How can you grab the music software you need without braking the bank?

Music software costs peanuts compared to the studio equipment it can replace. But if you can save on this too, well...why not?

This is neither a page about comparison shopping nor something to trick you into buying what you don't need. It's rather a page to save you money.  

I just saw people too often buying software they never used. Some recording studios are spending huge amounts of money for music software, especially plug-ins, just to show it to their clients. They hardly ever use them. It's just bragging. Hype. Name it. It's not what we want.

I am also trying to save money. Therefore it might be a good idea to tell you what I'm doing.

Let's say I don't get a full version for testing from the manufacturer and I'm so greedy to grab that brand new piece of written code (That's what music software is-let's face it) with my sticky fingers.

Do I go to the next shop to buy it?

No sorry, it's too far away and I'm usually too busy to go there.

Do I surf to the biggest online shops like zZounds or Musician's-Friend and place the order?

No boy, I'm not silly. I don't have any idea if this music software is crap or not. Chances are good that it is crap, or simply just not what I want.

So, what do I do?

  • I go to a friend or a studio who already owns the software, to see if it is really doing what it should do. I try to stay cool and really test the music software. You might not see the weak points because you're so enthusiastic about a certain sound or function, that you forget about the rest. 

  • Sometimes (if it's a gooood friend) I can take the software with me to test it at home. That's even better. I can test it in an environment that I am used to and I can compare it to what I have already.

  • If there is a good demo available, I download it. (A good demo has all functions working but a time limit. A silly demo has some important functions disabled. Unfortunately there are a lot of silly demos around)

  • I go to an online shop like zZounds or to the manufacturers homepage to find out what the regular price of the music software is.

  • I decide If I really need that software. That's not the same as wanting a software. Sometimes we want things because they look good or because their marketing department does a good job, not because we need them really.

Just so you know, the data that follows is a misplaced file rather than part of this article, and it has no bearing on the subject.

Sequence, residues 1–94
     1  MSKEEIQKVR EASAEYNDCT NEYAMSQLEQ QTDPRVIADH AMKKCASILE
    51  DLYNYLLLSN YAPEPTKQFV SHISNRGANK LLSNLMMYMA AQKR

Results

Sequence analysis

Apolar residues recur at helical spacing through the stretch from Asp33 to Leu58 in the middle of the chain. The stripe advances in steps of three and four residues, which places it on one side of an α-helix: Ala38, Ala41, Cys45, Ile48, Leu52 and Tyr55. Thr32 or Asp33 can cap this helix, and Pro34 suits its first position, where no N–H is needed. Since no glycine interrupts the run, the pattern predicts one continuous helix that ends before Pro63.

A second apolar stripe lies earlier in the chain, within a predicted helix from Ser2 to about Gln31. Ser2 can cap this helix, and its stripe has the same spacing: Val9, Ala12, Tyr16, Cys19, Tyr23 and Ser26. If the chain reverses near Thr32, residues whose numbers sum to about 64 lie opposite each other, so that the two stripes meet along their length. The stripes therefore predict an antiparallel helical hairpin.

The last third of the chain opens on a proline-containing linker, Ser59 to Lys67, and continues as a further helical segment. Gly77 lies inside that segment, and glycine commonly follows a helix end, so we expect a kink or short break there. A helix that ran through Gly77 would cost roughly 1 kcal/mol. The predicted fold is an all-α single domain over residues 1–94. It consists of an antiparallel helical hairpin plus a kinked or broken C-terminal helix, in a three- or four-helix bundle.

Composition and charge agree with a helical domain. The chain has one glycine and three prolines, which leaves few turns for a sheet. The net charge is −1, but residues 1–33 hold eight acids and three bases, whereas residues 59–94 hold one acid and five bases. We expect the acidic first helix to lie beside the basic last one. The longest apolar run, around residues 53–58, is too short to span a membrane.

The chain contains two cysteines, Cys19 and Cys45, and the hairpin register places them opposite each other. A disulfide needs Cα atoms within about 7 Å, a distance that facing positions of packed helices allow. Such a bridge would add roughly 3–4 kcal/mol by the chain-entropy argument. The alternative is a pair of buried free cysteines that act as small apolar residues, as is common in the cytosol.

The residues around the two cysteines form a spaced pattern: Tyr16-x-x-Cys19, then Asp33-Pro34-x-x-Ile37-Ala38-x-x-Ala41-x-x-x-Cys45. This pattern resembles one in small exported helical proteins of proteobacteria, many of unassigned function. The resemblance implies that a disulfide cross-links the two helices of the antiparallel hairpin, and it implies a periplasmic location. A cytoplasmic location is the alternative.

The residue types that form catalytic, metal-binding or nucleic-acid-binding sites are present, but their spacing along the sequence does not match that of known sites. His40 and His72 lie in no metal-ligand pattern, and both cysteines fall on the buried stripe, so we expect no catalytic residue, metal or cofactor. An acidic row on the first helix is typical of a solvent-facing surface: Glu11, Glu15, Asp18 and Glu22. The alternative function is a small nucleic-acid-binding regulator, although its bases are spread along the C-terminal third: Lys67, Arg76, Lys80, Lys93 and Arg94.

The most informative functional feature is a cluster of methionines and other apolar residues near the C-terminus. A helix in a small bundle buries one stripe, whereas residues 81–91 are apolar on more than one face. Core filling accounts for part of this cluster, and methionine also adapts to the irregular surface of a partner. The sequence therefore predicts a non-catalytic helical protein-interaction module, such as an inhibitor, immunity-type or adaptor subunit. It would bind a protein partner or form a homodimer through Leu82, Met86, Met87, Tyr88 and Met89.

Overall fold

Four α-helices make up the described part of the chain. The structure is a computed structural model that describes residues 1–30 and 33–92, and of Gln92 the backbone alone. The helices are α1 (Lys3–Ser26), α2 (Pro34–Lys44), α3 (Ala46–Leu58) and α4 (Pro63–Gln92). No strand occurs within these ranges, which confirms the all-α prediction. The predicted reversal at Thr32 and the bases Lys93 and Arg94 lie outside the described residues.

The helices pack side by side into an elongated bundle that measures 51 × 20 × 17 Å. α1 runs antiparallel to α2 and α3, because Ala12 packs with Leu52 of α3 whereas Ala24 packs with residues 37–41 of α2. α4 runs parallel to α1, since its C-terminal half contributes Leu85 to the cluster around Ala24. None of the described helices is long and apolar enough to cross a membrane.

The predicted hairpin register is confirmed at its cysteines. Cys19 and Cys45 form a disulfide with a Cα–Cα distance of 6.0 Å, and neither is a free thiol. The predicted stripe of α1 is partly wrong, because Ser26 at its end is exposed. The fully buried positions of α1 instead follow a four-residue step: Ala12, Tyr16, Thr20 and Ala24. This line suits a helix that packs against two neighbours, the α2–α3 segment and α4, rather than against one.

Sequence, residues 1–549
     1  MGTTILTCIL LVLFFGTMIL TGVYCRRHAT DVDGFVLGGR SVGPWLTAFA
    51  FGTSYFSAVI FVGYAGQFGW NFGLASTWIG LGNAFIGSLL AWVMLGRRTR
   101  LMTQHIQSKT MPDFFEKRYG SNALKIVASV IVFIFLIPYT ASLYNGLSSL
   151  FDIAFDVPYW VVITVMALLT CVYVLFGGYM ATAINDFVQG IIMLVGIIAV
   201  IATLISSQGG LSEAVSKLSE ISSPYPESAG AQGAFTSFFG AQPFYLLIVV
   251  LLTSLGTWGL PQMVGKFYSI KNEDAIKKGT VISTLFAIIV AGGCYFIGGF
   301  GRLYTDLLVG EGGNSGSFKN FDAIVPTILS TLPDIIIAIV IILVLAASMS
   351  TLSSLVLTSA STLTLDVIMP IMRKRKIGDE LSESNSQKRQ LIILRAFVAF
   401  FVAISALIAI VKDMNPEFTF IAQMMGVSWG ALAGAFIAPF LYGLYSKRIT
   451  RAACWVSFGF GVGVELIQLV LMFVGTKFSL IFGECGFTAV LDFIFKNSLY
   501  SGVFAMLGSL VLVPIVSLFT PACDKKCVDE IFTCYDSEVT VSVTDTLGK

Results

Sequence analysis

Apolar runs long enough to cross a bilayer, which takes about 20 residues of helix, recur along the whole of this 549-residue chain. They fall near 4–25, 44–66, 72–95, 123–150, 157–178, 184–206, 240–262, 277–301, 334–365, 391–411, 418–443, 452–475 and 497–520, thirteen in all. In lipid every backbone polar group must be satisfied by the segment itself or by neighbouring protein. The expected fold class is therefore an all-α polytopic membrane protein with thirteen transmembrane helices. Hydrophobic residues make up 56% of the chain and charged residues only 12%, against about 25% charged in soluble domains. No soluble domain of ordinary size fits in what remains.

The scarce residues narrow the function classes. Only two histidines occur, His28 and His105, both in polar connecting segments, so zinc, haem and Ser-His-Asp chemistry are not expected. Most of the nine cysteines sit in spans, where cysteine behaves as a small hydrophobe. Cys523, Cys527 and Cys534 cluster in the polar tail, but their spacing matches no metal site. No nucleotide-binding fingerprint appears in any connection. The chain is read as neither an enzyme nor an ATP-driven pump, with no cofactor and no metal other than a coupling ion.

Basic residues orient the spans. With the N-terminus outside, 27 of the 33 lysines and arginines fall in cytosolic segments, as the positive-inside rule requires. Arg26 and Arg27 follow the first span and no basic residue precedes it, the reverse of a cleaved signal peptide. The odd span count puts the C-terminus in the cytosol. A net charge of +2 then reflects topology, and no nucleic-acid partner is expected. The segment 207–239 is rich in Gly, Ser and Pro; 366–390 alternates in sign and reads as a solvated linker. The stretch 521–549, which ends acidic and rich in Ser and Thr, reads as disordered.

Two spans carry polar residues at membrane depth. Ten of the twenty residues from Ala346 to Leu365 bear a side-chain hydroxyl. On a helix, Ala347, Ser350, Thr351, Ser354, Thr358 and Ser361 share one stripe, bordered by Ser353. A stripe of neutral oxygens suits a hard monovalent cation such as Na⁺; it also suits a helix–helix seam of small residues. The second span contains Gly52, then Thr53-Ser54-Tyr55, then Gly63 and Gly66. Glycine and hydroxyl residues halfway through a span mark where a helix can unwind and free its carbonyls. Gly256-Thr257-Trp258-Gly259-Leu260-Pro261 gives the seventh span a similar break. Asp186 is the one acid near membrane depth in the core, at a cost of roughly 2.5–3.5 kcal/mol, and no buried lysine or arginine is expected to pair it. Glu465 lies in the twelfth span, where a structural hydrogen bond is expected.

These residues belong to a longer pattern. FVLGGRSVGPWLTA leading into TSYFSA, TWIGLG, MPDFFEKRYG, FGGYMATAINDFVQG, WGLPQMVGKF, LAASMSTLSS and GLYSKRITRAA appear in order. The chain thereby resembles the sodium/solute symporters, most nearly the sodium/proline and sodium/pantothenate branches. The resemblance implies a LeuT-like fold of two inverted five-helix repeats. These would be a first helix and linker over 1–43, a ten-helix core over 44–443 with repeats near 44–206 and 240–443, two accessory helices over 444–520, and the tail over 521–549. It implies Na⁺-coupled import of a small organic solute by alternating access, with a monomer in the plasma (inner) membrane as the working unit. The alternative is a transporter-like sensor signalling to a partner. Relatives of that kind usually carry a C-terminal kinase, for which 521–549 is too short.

• I answer myself a few questions. How often will I use it? Is there a better software for that job? Is it worth the money? Can I do the same tasks with software I already own and know to work with?

  • When I have made my decision, I usually take a look into online auctions like eBay. Chances are good that I find a cheaper offer than the regular price. Sometimes I can get older versions of the music software, that I can upgrade for little money. That's a deal!

    But I have to be careful that I get all the stuff I need, like serial, dongle, additional sounds etc...

    If there's no manual, I take a look if I can download it from the manufacturers homepage before I bid. And since I had serious trouble, I always read the feedback comments about the seller before I bid. I only had problems when I skipped that point.

    Music software is not "used". It is fresh and beautiful like at the first day it was written. That makes it different from other "used" stuff you may get on eBay.

  • When eBay has nothing to offer, I call my favorite music store if he can make me a deal below the regular price. I often buy for some other people too, so sometimes he can.

  • If I don't get a better deal, I see if I can get the software at a big online retailer like Musician's Friend or zZounds. I compare prices and order online. Usually a few days later I get a nice little package with a beautiful picture on it (that still has more style than to just download software) and it feels like Christmas.